In the last issue you have already learned something about the most important terms of dog nutrition from A to M. Now you can also read interesting articles about nutrition from N to Z.
The kidney diet is one of the most important dietary foods available for sick dogs. A reduced protein and phosphorus content and a high digestibility can relieve the weakened kidneys. An appropriate feeding can be supportive and therapeutic for many illnesses. Dietary feeds are also useful companions in cases of liver insufficiency, pancreatitis or urinary stones.
Omega-3 fatty acids belong to the group of polyunsaturated fatty acids. They are considered anti-inflammatory and are therefore frequently used for inflammatory diseases of the joints or the skin. Many omega-3 fatty acids are contained in linseed oil (a-linolenic acid) and fish oil (EPA and DHA). However, dogs also need other fatty acids to keep them healthy, such as linoleic acid (an omega-6 fatty acid), which is mainly found in vegetable oils, but also in animal fats.
Prebiotics are for the dog itself indigestible food components, but they serve the desired intestinal bacteria (the intestinal flora) as food and thus support a healthy intestinal flora. These include, for example, inulin contained in the chicory root or pectins found in carrots, apples or sugar beet.
The quality of dog food depends on various aspects. On the one hand it is important that the dog food is hygienically flawless. For this reason, the ingredients used in the production process must be processed very fresh and then stored properly. On the other hand, ingredients should be processed that contain a high level of essential nutrients that the dog cannot produce itself. Proteins with an optimal amino acid composition are contained in meat or eggs, for example. High quality fats with many essential fatty acids are vegetable oils such as linseed oil.
When talking about healthy dog nutrition, raw feeding is often cited as the healthiest form of feeding. However, the biological value of meat is hardly influenced by the heating process. Carbohydrate sources are even better tolerated when heated than when raw. It is therefore much more important to select the feed ingredients according to requirements. If you prefer to feed your dog fresh rather than ready food, you can cook your meals safely. Thus, the dog profits from further advantages, like a hygienically perfect food ration.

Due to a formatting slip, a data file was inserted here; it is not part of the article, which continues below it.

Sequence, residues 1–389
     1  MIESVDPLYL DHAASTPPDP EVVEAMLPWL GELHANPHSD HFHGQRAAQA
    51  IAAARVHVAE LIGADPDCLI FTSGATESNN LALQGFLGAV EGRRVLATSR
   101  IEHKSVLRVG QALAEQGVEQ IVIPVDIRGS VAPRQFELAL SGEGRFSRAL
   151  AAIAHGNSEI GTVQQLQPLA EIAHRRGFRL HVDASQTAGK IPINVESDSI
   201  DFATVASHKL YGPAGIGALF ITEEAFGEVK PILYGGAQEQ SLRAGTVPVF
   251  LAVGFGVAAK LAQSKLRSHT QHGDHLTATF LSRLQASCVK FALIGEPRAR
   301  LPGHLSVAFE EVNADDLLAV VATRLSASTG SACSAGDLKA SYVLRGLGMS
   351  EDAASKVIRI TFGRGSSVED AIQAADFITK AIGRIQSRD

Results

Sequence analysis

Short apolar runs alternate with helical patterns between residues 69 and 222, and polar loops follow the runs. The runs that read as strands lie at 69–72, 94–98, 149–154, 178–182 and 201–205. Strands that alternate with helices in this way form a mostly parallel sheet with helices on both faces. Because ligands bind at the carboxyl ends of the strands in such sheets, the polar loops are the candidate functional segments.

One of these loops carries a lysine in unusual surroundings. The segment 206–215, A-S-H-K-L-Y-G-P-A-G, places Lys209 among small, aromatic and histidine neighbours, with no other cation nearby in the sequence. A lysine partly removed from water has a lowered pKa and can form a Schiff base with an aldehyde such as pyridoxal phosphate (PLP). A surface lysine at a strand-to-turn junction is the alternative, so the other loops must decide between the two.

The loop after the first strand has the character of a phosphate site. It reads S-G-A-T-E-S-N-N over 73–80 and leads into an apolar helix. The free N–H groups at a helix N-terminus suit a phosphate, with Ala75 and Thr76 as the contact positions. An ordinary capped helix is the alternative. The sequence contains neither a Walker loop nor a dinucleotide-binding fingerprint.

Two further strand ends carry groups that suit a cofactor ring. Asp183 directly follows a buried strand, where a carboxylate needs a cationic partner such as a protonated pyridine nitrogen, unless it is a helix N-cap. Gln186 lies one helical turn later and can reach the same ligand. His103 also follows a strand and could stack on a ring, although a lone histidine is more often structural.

The trace elements were given their name because they only have to be added in small concentrations, i.e. "in traces". This applies to a number of elements, so that the group of trace elements is comparatively large and very heterogeneous. Among the most important trace elements are zinc, copper and iron. Several trace elements have toxic properties when oversupplied, so that the correct dosage must be observed.
Pregnant bitches only need a special food in the second half of pregnancy to cover the increased energy and nutrient requirements for puppy growth. It is important to have an ideal energy supply that is high enough to cover your puppy's needs but does not lead to obesity. Overweight is a risk factor at the birth of the puppies. During the subsequent suckling period, the bitch needs a special lactation food. The energy and nutrient requirements depend on the number of puppies and change over time. In the beginning, when the puppies are still very small, the need increases gradually until the lactation in the 3rd to 4th week after birth. After that the puppies already start to feed themselves and the bitch's need decreases again due to the decreasing milk production.